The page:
Source: Massey University
3MT contestant at the Manawatū heat, Lily Jia, presenting her research on how mothers can produce more breast milk.
Milky matters, gut function and cancer prevention are popular themes among this year’s Three-Minute Thesis (3MT) campus heat winners. Four masters and 11 doctoral researchers will compete at next week’s finals on the Manawatū campus.
Across heats held at all three campuses, the 15 finalists wowed judges with their presentation skills for the international competition, which requires academics to deliver a succinct “elevator pitch” summing up their research topic for a non-specialist audience.
Organiser Dr Julia Rayner, Graduate Learning and Development Facilitator, Graduate Research School, Research and Enterprise, says she hopes for a great turn-out next week from Massey students, staff and the general public who want to support the contestants and be entertained and informed by riveting presentations about the latest cutting-edge research.
Science topics dominated the heat winners, with diverse research on human and animal health and welfare – from the plight of zebra fish used in research to the emotional wellbeing of responders in animal rescues. Understanding gut health and preventing colon cancer, building better diets in small Pacific Island nations and how breast-feeding mothers can produce more milk featured in human-focused research topics. Other health research topics include the role of iron, and the link between sleep in pregnancy and post-natal depression.
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3MT experience hones public speaking skills
Now in its 11th year across New Zealand universities, the competition is a great opportunity for students to clarify their thinking around their research, develop public speaking skills and the confidence this brings, as well as experiencing the satisfaction of sharing their knowledge with a wider audience, Dr Rayner says.
“The 3MT experience can also help raise the profile of the researcher, forge new academic connections and opportunities and looks good on a curriculum vitae,” says Dr Rayner. “What’s more, it’s a lot of fun and there are some generous cash prizes, with the winner of the Massey doctoral final in the running for $5000 and the chance to compete in the international competition in Brisbane in October,” she says.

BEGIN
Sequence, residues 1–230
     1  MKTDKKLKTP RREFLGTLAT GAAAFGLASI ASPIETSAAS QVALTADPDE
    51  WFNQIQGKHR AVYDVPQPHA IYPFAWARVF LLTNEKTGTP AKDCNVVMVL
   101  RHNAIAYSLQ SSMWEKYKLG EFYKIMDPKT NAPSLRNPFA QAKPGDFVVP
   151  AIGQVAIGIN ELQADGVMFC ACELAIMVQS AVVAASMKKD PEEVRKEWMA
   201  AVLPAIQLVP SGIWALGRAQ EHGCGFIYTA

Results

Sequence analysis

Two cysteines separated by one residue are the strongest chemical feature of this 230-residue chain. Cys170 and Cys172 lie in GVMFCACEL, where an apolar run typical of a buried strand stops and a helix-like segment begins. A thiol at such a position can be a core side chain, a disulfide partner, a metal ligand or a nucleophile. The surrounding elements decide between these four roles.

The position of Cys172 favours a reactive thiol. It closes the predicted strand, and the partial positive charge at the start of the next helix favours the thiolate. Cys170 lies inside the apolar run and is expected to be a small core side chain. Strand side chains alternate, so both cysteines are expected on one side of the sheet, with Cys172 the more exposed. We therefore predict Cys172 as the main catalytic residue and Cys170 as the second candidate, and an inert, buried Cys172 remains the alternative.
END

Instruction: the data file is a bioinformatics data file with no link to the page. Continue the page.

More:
Kimberley Lim – Ironing out the issues with iron (School of Sport, Exercise and Nutrition)
Sam Powick – Towards emissions-free hydrogen: Cracking methane with black sand (School of Fundamental Sciences)
Morgan Heslop – The cellular scar of stress (School of Veterinary Science)
Steve De Grey – Rescuing the responders: factors affecting the recovery of the human animals involved in animal rescue (School of Veterinary Science)
Clare Ladyman – Is sleep the black box to pregnancy and post-natal depression (Sleep/Wake Research Centre)
Chris Vogliano – Building better diets from the ground up in Pacific Small Island Developing States
(School of Food and Advanced Technology)
Susanne Gottfried – How a breakup can kill cancer (School of Natural and Computational Sciences)
Nikki Renall – Understanding the garden in your gut (School or Sport, Exercise and Nutrition)
Lily Jia – Galactagogues: making more milk (School of Food and Advanced Technology)
Murali Kumar – Cracking the Enigma – spores succumb to phosphate (School of Food and Advanced Technology)
Gina Sopha – The Tale of Shallot (School of Agriculture and Environment)
Debashree Roy – Milks, Curdling and Digestion (School of Food and Advanced Technology)
Paul Ogbuigwe – Protozoan genotypic diversity in humans: epidemiology of cryptosporidiosis and giardiasis (School of Veterinary Science)
Natasha Nayak – Deconstructing food in the gut: Looking beyond the label (School of Food & Advanced Technology)
Du Le Hoang – Colorectal cancer: Prevention (School of Food and Advanced Technology)
The Massey University finals will be held on Wednesday, August 14, in the Japan Lecture Theatre, Manawatū campus, from 5pm – 8pm. For catering purposes, please register here.